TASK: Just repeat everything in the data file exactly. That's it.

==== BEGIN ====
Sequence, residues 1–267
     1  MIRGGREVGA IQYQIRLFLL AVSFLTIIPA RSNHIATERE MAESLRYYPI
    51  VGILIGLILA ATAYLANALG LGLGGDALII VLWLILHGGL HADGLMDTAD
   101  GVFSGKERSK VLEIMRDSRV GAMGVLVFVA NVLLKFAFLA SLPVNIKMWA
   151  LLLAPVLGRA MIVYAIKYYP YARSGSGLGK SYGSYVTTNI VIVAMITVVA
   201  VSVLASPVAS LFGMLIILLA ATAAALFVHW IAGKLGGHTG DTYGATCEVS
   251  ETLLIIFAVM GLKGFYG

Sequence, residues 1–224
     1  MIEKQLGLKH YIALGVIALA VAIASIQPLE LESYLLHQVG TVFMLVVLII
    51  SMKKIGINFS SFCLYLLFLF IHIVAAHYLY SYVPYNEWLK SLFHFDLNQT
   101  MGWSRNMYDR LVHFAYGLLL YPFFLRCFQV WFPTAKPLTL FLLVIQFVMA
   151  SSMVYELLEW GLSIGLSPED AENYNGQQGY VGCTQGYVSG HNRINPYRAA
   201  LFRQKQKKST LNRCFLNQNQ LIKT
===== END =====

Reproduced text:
Sequence, residues 1–267
     1  MIRGGREVGA IQYQIRLFLL AVSFLTIIPA RSNHIATERE MAESLRYYPI
    51  VGILIGLILA ATAYLANALG LGLGGDALII VLWLILHGGL HADGLMDTAD
   101  GVFSGKERSK VLEIMRDSRV GAMGVLVFVA NVLLKFAFLA SLPVNIKMWA
   151  LLLAPVLGRA MIVYAIKYYP YARSGSGLGK SYGSYVTTNI VIVAMITVVA
   201  VSVLASPVAS LFGMLIILLA ATAAALFVHW IAGKLGGHTG DTYGATCEVS
   251  ETLLIIFAVM GLKGFYG

Sequence, residues 1–224
     1  MIEKQLGLKH YIALGVIALA VAIASIQPLE LESYLLHQVG TVFMLVVLII
    51  SMKKIGINFS SFCLYLLFLF IHIVAAHYLY SYVPYNEWLK SLFHFDLNQT
   101  MGWSRNMYDR LVHFAYGLLL YPFFLRCFQV WFPTAKPLTL FLLVIQFVMA
   151  SSMVYELLEW GLSIGLSPED AENYNGQQGY VGCTQGYVSG HNRINPYRAA
   201  LFRQKQKKST LNRCFLNQNQ LIKT